Among the commanders who hold these views are some who have  never had any affinity with what is called "Abolitionism," or with  "Republican party politics," but who hold them purely as military  opinions. I submit their opinions as entitled to some weight against the  objections often urged that emancipation and arming the blacks are  unwise as military measures, and were not adopted as such in good  faith.

You say that you will not fight to free negroes. Some of them seem  willing to fight for you; but no matter. Fight you, then, exclusively, to  save the Union. I issued the Proclamation. on purpose to aid you in  saving the Union. Whenever you shall have conquered all resistance to  the Union, if I shall urge you to continue fighting, it will be an apt time  then for you to declare you will not fight to free negroes. I thought that  in your struggle for the Union, to whatever extent the negroes should  cease helping the enemy, to that extent it weakened the enemy in his re sistance to you. Do you think differently? I thought that whatever  negroes can be got to do as soldiers, leaves just so much less for white  soldiers to do in saving the Union. Does it appear otherwise to you?  But negroes, like other people, act upon motives. Why should they do  any thing for us if we will do nothing for them? If they stake their lives  for us they must be prompted by the strongest motive, even the promise  of freedom. And the promise, being made, must be kept.

The signs look better. The Father of Waters again goes unvexed to  the sea. Thanks to the great Northwest for it; nor yet wholly to them.  Three hundred miles up they met New-England, Empire, Keystone, and  Jersey, hewing their way right and left. The sunny South, too, in more  colors than one, also lent a helping hand. On the spot, their part of the  history was jotted down in black and white. The job was a great national  one, and let none be slighted who bore an honorable part in it. And  while those who have cleared the great river may well be proud, even  that is not all. It is hard to say that any thing has been more bravely and  well done than at Antietam, Murfreesboro', Gettysburg, and on many  fields of less note. Nor must Uncle Sam's web feet be forgotten. At all  the watery margins they have been present, not only on the deep sea, the  broad bay, and the rapid river, but also up the narrow, muddy bayou,  and wherever the ground was a little damp, they have been and made  their tracks. Thanks to all. For the great Republic--for the principle  it lives by and keeps alive--for man's vast future--thanks to all.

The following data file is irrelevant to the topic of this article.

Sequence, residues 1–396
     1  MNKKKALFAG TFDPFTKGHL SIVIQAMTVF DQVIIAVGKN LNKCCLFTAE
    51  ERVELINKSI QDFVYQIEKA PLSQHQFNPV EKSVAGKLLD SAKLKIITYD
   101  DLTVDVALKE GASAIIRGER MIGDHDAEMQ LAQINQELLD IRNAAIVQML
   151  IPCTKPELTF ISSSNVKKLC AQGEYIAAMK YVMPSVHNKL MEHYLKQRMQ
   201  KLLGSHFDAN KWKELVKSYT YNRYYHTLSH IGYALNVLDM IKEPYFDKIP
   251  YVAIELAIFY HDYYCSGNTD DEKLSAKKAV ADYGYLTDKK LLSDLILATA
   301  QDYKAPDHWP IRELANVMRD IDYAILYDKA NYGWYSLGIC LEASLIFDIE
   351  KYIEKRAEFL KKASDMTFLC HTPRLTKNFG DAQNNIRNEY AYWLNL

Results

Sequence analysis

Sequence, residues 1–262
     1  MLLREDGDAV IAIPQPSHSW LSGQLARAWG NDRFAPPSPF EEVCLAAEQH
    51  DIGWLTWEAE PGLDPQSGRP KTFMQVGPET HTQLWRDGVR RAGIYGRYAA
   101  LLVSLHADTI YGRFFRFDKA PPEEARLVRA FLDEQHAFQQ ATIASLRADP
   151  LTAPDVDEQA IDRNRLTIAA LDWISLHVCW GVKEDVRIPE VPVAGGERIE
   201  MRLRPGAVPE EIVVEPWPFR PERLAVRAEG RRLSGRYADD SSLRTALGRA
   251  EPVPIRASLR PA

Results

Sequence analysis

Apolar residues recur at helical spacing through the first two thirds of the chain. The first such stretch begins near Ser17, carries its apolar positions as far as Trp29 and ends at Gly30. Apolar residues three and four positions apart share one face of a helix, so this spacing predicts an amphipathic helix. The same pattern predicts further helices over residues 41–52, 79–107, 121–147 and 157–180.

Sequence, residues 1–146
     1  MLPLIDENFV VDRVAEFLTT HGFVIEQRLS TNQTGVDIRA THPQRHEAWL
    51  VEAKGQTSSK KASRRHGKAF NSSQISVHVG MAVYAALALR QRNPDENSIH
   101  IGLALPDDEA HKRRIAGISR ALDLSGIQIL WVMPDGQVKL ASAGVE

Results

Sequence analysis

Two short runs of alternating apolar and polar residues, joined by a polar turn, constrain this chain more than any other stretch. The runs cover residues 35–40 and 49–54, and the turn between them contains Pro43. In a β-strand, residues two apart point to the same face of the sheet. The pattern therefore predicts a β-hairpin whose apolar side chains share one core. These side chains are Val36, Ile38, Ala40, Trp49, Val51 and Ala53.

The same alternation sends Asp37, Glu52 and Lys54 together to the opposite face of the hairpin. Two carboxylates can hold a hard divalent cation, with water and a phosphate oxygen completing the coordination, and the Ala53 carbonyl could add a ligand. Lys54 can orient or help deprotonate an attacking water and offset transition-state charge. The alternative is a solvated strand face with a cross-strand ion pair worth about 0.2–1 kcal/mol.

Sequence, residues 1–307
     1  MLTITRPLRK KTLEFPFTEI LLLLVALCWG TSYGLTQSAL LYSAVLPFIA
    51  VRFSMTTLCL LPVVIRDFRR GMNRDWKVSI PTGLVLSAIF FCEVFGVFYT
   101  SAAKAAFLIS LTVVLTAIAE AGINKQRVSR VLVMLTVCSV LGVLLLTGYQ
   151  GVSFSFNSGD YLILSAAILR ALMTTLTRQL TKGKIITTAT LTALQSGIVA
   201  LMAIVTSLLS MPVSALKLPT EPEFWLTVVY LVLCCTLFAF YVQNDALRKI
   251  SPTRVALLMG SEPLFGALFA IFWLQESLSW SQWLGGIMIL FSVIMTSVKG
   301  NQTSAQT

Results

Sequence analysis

Peace does not appear so distant as it did. I hope it will come soon,  and come to stay; and so come as to be worth the keeping in all future  time. It will then have been proved that among freemen there can be  no successful appeal from the ballot to the bullet, and that they who take  such appeal are sure to lose their case and pay the cost. And there will  be some black men who can remember that with silent tongue, and  clinched teeth, and steady eye, and well-poised bayonet, they have  helped mankind on to this great consummation, while I fear there will be some white ones unable to forget that with malignant heart and deceitful speech they have striven to hinder it.

Still, let us not be over-sanguine of a speedy, final triumph. Let us be  quite sober. Let us diligently apply the means, never doubting that a  just God, in His own good time, will give us the rightful result.